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Now, let us understand the situation; the exam has been being conducted since 1950, so the exam is evolving over time, that is, the moment students and teachers understand the pattern of the exam the exam gets changed! (What I'm trying to say is the exam is conducted yearly, and is a kind of open test. The paper setters are quite unknown, there is a commission of paper setters itself and the commission forms and dissolves in a classified manner. So, every year the paper is very different from the previous years and it is an exam which aims to fail as many students as it can! Out of 1500000 applicants only 1000 get selected.)

How to prepare students for it? Let's start with Real Analysis; first we will teach the student with, say the most common book, Rudin's. To complete everything in the book, and at same time giving the student some time to solve all the exercises assigned, it will surely take 5 months full. Now, the point is: this 5 month long course was a first course for the student and that implies he hasn't mastered the subject but just has become comfortable to it (or at most has attained medium level expertise in it), but the exam will ask the most expertise level question on Real Analysis.

The linear way is to teach the student with Rudin's, then another book of same level say Apostol's Calculus, and then moving to a more advanced text. And after that, just problem solving to develop speed and grasping the mindset of the exam. This linear approach is valid, because first we need to understand the subject very well and only then we can do feats with it, the exercises included in the books are for strengthening the concepts but the questions asked in the exam is to reject you. So, someone following this linear way for all topics listed in syllabus might be able to qualify that exam. But this Linear approach is not that practical; a student might get so tired by moving from introduction to comfortability and finally to expertise ("but that's how everything works!" I know that) for all the different subjects and the more concerning issue is that of time, this linear approach is so time consuming that in life when the student is in its prime youth he finds it very risky to devote such a time (around 2 to 2.5 years and for some even 3.5 years) to that particular exam, his mind will wander (like a ghost) whether he should focus on the studies or over some more job-oriented exams (like those of management studies). It is even possible that a student might cross the age limit for the exam without attaining the expertise in the subjects!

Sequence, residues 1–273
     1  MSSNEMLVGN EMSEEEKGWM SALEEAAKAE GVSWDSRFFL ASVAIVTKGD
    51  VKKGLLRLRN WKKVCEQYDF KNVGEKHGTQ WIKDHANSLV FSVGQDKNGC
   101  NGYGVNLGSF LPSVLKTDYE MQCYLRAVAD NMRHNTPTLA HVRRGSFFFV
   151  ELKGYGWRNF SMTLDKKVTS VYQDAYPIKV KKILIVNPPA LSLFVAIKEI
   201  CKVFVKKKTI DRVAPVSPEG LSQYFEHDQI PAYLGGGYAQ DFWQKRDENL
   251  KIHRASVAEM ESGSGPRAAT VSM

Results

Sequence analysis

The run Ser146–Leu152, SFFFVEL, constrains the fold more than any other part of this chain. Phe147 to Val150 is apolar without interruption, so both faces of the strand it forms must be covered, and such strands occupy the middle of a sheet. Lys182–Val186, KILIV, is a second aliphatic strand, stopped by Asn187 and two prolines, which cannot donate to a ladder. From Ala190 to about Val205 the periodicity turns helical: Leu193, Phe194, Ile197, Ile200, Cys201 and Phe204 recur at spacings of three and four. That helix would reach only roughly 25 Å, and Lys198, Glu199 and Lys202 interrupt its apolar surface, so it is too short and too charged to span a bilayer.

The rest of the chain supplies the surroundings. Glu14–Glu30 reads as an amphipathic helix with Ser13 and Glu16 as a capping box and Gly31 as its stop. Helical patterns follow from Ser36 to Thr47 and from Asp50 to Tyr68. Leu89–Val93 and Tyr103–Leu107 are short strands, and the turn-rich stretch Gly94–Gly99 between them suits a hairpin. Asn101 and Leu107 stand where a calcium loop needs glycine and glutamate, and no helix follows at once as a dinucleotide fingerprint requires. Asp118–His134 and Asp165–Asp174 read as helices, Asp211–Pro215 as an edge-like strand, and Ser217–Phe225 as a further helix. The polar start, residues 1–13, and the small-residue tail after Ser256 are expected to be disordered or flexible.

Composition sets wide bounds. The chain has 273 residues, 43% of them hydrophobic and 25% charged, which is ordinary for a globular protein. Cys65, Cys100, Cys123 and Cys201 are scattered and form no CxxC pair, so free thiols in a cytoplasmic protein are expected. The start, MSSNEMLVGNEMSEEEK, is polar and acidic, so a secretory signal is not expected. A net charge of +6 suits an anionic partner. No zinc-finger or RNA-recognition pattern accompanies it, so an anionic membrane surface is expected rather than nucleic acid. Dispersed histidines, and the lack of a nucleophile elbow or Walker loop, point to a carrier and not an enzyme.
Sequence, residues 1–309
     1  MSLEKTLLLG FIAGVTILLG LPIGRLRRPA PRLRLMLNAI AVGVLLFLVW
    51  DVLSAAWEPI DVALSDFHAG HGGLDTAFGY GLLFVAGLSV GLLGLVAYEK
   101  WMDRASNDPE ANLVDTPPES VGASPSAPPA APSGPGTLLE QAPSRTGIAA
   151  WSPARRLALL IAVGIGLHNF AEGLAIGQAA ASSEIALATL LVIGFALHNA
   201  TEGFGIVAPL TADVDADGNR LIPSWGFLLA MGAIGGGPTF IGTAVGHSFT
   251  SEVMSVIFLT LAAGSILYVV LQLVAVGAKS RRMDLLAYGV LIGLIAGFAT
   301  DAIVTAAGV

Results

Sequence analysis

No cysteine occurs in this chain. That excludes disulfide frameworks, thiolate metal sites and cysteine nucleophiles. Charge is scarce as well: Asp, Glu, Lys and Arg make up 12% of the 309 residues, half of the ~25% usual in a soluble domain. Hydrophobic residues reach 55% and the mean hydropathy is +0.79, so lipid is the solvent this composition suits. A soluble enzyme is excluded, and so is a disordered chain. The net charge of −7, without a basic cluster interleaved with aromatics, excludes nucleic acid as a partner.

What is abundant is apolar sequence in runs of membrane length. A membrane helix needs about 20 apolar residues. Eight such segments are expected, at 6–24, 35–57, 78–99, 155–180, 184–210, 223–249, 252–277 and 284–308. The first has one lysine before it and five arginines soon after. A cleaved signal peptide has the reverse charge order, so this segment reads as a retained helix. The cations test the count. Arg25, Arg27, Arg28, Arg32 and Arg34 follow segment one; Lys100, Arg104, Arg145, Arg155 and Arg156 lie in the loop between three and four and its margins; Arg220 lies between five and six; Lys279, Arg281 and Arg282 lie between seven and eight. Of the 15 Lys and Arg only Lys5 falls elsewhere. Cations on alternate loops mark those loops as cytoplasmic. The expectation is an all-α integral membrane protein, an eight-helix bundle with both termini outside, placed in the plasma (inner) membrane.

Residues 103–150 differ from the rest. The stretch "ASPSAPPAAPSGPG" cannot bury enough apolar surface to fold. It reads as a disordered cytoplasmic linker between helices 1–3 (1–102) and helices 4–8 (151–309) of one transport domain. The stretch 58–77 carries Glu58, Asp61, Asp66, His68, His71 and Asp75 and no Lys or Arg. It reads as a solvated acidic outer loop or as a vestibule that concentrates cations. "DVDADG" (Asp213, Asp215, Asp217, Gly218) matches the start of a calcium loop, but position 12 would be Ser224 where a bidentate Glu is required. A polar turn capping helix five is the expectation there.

Can you suggest of any non-linear way?

Has USSR went through this? Anyone have any information what was their method? (Why I have asked for USSR specifically? Because it was from there that the trend of competitive exam began: choosing the fastest horse by making all horses take a 2 or 3 hour exam.)

And, I haven't talked about any hypothetical exam in my post, almost all olympiads are like that and many entrance tests of renowned universities are of same type.